This authoritative book focuses on the technologies and techniques that may be used to enable computer–processed images to occupy a three–dimensional (3–D) space. Images depicted in this way take on many of the attributes that we associate with the traditional sculptured image and naturally satisfy a range of pictorial, oculomotor, and binocular depth cues, thereby avoiding depth cue conflict and viewing discomfort. In addition, this opens up exciting opportunities that exist for the development of new interaction tools and techniques.
Enhanced Visualization provides a refreshing and wide–ranging insight into approaches for radically advancing our communication with the digital world.
- Discussion of a broad range of creative 3–D display system techniques
- An extensive background review of volumetric systems
- A chapter devoted to research undertaken in connection with varifocal systems
- Identification of various types of image space
- Consideration of interaction opportunities offered by different forms of image space
- The impact of different display modalities upon graphics engine hardware and software
- Suggestions for technologies and techniques that warrant significant research efforts
- A comprehensive range of references
A transdisciplinary approach makes the content accessible to a wide–ranging audience. This book will be of great value to undergraduate and graduate students, to researchers involved in advancing interaction with the digital world, and also to those involved in investing in new forms of computer interaction technologies.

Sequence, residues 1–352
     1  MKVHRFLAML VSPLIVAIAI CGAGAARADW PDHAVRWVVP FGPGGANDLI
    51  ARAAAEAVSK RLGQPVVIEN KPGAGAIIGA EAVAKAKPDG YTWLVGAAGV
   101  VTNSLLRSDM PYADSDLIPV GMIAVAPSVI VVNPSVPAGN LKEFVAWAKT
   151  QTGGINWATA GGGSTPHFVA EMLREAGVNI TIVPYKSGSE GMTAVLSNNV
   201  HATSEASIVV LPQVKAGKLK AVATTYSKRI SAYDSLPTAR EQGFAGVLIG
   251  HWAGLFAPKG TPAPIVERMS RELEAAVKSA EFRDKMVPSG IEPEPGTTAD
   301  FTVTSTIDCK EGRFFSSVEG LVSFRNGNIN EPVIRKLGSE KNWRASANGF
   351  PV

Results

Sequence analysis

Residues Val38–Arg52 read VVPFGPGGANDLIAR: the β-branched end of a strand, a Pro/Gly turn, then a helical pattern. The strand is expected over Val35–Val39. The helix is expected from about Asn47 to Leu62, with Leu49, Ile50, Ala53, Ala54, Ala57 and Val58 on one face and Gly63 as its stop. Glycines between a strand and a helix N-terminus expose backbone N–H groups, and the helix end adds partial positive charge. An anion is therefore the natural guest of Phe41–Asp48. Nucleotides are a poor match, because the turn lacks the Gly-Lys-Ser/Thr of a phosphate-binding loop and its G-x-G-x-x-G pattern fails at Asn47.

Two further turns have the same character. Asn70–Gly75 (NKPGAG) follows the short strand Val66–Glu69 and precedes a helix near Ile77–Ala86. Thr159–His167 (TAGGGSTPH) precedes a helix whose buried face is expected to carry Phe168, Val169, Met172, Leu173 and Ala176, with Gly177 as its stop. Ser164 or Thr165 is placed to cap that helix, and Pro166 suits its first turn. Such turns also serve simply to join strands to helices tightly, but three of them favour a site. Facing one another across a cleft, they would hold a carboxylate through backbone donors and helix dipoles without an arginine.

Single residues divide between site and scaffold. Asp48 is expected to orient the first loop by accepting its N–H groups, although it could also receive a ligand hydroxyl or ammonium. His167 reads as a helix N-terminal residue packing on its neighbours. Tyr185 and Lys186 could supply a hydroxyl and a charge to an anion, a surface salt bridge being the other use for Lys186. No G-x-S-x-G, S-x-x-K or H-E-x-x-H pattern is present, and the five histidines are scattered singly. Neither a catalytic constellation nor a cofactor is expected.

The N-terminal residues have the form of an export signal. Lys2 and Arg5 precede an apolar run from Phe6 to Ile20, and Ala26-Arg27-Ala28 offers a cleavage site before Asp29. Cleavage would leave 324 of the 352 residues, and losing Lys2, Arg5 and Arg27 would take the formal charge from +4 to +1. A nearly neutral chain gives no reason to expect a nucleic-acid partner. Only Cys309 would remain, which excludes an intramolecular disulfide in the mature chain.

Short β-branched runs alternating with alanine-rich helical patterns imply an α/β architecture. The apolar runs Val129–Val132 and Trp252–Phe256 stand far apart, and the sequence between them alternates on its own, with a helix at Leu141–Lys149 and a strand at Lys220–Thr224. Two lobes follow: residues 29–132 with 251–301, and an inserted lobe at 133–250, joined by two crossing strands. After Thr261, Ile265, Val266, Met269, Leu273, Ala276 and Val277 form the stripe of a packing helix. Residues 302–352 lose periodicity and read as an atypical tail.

Chapter One. Setting the Scene.
1.2 Historical Background.
1.2.2 The Display, Data Stream and Interaction Tool Interface.
1.2.3 The Conventional Display.
1.2.4 Raster and Vector Graphics.
1.3 Working within a 2–D Space.
1.4 Concerning Interaction.
1.5 Image and Interaction Spaces.
1.6 Introducing Volumetric and Varifocal Techniques.
1.6.1 The Volumetric Technique.
1.6.2 The Essence of the Volumetric paradigm.
1.6.3 The Varifocal Approach.
Chapter Two. Aspects of the Visual System.
2.2 Some Characteristics of the Eye.
2.3 Depth Cues.
2.3.1 Pictorial Cues.
2.3.2 Oculomotor Cues.
2.3.3 Motion Parallax.
2.3.4 Stereopsis (Binocular Parallax).
2.4 Considerations on Image Refresh.
Chapter 3. Creative 3–D Display Techniques.
3.2 Display Subsystems.
3.3 Stereoscopic Techniques.
3.3.1 A Fog Penetrating Televisor.
3.4Extending the Stereoscopic Approach.
3.5 The Physical 3–D Image and its Electronic Rendition.
3.6 Multi–view Displays.
3.7 On Painting and Sculpture.
3.7.1 Information Content.
3.7.2 Working within a 3–D Space.
3.7.3 Display Capability.
Chapter 4. The Swept–Volume Approach.
4.2 Exemplar Swept–Volume Techniques.
4.3 Swept–Volume Subsystems.
4.3.1 Image Space Creation.
4.3.2 Voxel Generation.
4.3.3 Voxel Activation.
4.4 Parallelism in Voxel Activation.
4.4.1 Restrictions in Voxel Activation.
4.4.2 Designing for Predictability.
4.5 Hardware Based Characterisation.
4.6 The Acceptance of Motion.
4.7 Dead Zones.
4.7.1 The Voxel Placement Dead Zone.
4.7.2 Distortional (Elongation) Dead Zone.
4.7.3 The Visual Dead Zone.
4.7.4 Other Forms of Dead Zone.
Chapter 5. The Static–Volume Approach.
5.2 An Elementary Static–Volume Implementation.
5.3 Image Space Composition.
5.4 The Classification of Static–Volume Systems.
5.5 Voxel Visibility.
5.6 Beam Intersection and the Stepwise Excitation of Fluorescence.
5.6.1 The Stepwise Excitation of Fluorescence in Gaseous Media.
5.6.2 The Stepwise Excitation of Fluorescence in Non–Gaseous Media.
5.7 The Photochromic Approach.
5.8 Dead Zones.
Chapter 6. Swept–Volume Systems: Limited Viewing Freedom.
6.2 Image Slices and Image Planes.
6.3 John Logie Baird Makes Space for the Third Dimension.
6.3.1 Perhaps the First Swept–Volume Displays.
6.3.2 Baird Advances Volumetric Image Depiction.
6.4 Parallel Image Planes Using Translational Motion.
6.4.1 A Reciprocating CRT.
6.4.2 Image Slices Focused onto a Moving Screen.